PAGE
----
Sunday, May 8, 2022

Speaking of Which

I had little desire to open this up, and don't expect anything thorough, but there were a couple things I wanted to take note of.

I finally finished Louis Menand's The Free World: Art and Thought in the Cold War, with mixed feelings about what was included and what got skipped or skimmed over, but it did bring back a lot of memories of the world I was born into. Appropriate that it ended with Vietnam. He notes:

Vietnam not only shattered the image of American invincibility. It meant that a whole generation grew up looking on the United States as an imperialist, militarist, and racist power. The political capital the nation accumulated by leading the alliance against fascism in the Second World War and helping rebuild Japan and Western Europe it burned through in Southeast Asia.

Unfortunately, he doesn't end there. He ends with two paragraphs about an English journalist named James Fenton, bemoaning how after the Americans left the Communists took over in 1975 they turned the country into a Stalinist hellhole. I couldn't help but think that maybe if they hadn't had to fight for 30+ years against Japan, France, and the United States, they wouldn't have turned out so hard.

That chapter starts out with the 1960s student movement, with Tom Hayden and Mario Savio even before the war became a galvanizing issue. That led to the revelations that the CIA had been funding student groups for propaganda purposes. Many people involved didn't know or care. Diversity of opinion even worked to advantage, as an illustration of freedom vs. the thought control practiced on the other side of the Iron Curtain. (The walls helped make the West look free, which is part of the reason Eastern Europe, and later Ukraine, turned so hard against Russia.) But how free are you when on critical matters the things you believe are on the approved list? Menand picks out an interesting quote from Christopher Lasch:

Both as symptom and as source, the campaign for 'cultural freedom' revealed the degree to which the values held by intellectuals had become indistinguishable from the interests of the modern state -- interests which the intellectuals now served even while they maintained the illusion of detachment. . . . The American press is free, but it censors itself. The University is free, but it has purged itself of ideas. The literary intellectuals are free, but they use their freedom to propagandize for the state. The freedom of American intellectuals as a professional class blinds them to their un-freedom.

I came along at a time when we were starting to see through the haze of ideology and the deceit of power. The workings of the CIA, and how they led to the disaster in Vietnam, were partly exposed, and efforts were made to reform, but the old culture returned, more devious and deluded than ever. It's impossible to dismiss US schemes to influence Ukraine, because that's exactly what the US has always done, or tried to do, at least since WWII. And when you hear people parrot US talking points, you can't tell whether they're paid to shill or just conditioned to go along with them. This leads to the massive irony that democracy is permitted to exist in countries where people can be trusted not to use it, and denied in countries where the leaders actually fear public opinion.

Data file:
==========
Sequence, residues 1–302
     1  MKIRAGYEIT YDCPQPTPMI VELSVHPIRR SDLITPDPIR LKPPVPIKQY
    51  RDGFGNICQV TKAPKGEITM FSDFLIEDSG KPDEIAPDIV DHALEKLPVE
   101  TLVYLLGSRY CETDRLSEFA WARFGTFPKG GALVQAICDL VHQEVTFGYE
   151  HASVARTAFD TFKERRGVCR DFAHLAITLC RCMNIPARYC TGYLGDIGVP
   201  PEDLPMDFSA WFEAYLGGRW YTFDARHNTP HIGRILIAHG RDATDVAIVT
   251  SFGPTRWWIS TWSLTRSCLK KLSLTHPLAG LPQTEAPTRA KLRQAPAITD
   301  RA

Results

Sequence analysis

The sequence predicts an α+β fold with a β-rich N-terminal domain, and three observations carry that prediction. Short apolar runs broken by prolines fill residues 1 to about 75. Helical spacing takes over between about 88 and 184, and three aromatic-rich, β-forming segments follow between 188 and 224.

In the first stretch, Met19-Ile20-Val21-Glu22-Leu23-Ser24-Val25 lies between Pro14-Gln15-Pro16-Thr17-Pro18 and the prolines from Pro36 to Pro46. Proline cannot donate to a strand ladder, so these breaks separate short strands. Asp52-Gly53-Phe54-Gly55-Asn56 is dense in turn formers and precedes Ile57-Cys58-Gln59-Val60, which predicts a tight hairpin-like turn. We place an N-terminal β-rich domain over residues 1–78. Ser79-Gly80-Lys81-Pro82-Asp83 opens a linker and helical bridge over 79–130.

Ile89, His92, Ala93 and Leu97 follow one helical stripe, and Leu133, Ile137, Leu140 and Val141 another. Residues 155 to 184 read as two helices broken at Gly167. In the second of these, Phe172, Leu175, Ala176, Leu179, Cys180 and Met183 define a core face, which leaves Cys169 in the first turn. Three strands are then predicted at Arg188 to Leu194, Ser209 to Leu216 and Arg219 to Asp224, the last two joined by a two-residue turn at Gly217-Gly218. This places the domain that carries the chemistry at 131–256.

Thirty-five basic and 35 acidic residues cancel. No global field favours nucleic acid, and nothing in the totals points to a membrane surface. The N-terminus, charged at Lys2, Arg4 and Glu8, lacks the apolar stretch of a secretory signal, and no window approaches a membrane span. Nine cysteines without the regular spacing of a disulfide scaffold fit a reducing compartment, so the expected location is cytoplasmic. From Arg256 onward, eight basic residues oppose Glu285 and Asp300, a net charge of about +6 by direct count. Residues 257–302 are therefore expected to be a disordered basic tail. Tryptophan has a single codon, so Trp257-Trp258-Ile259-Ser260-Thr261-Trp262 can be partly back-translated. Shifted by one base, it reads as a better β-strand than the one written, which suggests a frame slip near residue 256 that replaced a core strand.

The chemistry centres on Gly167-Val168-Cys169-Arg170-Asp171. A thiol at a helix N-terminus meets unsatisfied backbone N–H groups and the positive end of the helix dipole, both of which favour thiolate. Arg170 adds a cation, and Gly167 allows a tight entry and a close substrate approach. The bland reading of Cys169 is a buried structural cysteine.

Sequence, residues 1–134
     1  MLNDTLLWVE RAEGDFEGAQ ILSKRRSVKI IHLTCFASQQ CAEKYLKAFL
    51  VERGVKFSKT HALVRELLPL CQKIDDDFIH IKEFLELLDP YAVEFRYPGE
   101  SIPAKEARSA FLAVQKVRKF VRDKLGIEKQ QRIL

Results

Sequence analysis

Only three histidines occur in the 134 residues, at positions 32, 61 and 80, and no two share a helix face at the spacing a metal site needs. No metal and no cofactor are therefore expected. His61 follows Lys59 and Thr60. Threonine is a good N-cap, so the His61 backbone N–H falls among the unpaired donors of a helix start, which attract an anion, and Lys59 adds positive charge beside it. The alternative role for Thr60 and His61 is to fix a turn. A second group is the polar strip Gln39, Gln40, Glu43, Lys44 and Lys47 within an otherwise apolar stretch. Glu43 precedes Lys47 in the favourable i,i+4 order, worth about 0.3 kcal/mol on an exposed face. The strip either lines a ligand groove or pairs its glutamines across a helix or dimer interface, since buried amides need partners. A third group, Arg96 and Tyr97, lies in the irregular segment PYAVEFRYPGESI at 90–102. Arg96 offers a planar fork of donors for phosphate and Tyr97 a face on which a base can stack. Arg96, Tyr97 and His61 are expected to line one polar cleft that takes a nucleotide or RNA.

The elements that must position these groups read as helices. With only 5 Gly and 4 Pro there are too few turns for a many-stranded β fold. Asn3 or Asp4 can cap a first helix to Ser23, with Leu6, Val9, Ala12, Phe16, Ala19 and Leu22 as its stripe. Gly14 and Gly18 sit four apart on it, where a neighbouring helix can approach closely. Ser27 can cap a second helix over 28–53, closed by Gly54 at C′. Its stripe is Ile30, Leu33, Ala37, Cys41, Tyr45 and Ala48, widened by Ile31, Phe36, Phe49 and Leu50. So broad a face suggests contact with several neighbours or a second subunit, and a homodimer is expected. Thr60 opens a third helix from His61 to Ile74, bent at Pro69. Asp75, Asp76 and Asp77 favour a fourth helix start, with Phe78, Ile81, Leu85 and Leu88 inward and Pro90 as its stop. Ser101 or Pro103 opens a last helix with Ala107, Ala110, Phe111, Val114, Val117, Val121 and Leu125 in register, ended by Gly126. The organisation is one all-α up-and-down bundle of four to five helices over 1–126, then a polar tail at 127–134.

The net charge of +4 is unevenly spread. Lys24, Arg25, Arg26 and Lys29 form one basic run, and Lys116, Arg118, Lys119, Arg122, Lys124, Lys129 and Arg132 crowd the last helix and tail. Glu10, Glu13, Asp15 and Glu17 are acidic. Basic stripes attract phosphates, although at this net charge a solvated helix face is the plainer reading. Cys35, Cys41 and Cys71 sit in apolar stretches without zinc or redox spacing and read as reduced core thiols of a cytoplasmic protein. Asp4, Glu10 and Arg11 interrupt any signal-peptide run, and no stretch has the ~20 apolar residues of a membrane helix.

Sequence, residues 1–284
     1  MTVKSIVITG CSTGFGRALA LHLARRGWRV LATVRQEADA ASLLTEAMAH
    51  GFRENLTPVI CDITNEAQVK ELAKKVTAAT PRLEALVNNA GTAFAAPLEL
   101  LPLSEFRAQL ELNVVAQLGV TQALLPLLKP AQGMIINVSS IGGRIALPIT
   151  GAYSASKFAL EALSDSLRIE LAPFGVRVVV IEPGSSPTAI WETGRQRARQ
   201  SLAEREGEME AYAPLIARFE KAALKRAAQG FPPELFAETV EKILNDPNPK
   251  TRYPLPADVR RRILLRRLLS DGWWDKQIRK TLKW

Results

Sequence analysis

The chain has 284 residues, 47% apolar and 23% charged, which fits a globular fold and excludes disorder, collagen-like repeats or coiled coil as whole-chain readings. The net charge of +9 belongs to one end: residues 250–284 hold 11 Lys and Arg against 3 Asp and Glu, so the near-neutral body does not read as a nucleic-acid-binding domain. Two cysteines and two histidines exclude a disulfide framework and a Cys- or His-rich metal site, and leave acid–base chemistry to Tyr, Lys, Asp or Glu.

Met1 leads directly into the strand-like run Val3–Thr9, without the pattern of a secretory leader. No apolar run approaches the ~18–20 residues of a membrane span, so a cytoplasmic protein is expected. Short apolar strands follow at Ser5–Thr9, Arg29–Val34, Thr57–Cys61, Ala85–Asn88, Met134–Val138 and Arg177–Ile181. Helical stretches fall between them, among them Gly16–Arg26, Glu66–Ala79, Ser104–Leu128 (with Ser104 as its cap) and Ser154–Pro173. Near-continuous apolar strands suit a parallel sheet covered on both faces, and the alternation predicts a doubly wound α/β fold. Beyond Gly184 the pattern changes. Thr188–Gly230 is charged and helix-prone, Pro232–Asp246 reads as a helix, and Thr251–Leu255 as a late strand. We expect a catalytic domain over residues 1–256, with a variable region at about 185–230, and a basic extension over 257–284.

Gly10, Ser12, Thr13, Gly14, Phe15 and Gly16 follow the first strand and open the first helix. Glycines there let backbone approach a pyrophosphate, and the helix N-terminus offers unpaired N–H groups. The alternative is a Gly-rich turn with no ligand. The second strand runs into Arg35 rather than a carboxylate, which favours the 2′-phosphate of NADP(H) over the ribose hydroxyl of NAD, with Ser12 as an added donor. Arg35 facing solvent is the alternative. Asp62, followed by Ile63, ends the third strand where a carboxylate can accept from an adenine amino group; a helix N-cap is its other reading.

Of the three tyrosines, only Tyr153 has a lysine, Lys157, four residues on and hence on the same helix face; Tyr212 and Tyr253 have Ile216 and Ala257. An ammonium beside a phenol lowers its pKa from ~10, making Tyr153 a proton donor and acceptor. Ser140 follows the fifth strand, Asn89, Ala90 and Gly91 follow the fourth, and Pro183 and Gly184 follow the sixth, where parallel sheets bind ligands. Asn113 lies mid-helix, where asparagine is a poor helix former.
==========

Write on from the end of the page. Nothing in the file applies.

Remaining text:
America is becoming like the world in that respect. We are divided between Democratic and Anti-Democratic parties. The latter is the one preoccupied with repression and thought-control, the one obsessed with purging schools of any hint of free thinking, the one that still hopes to cling onto power by training pious, obedient cadres. The former, or at least the nostalgic Cold War faction which still controls the levers of power, knows they don't have to be that controlling. They understand that diverse people can be trusted with a little freedom, because in the end most of them will agree on the right things anyway. And if, say, some strange idea takes root and becomes popular, they're flexible enough to absorb it and carry on.

The war in Ukraine has largely deadlocked, but there's still enough to note to give them their own section:

Edward Alvarez: [05-07] Why We Should Not Admire Zelensky: I suspect someone could write a critique which takes the Ukrainian leader to task on at least two points: his intransigence in the runup to the war, and his reticence to negotiate a cease fire leading to an agreement to partition Ukraine (preferably through plebiscites). This doesn't dig deep enough to be that article. Moreover, you'd have to raise the question of what (if any) options Putin offered. Even now, while it's possible to imagine a deal that both sides should be willing to accept, it's not obvious which side is dragging this out. It could be that Zelensky's success at begging for arms will swell his head, leading to demands that only prolong the war, I worry more about the donors, with much less risk, seeing continued war as a bonanza.

George Beebe: [04-29] Tell us how this war in Ukraine ends.

Stephen Kinzer: [05-02] These countries are willing to risk US ire over Russia-Ukraine: "The Global South is not intimidated and has increasingly refused to ally with the West on sanctions and condemnations."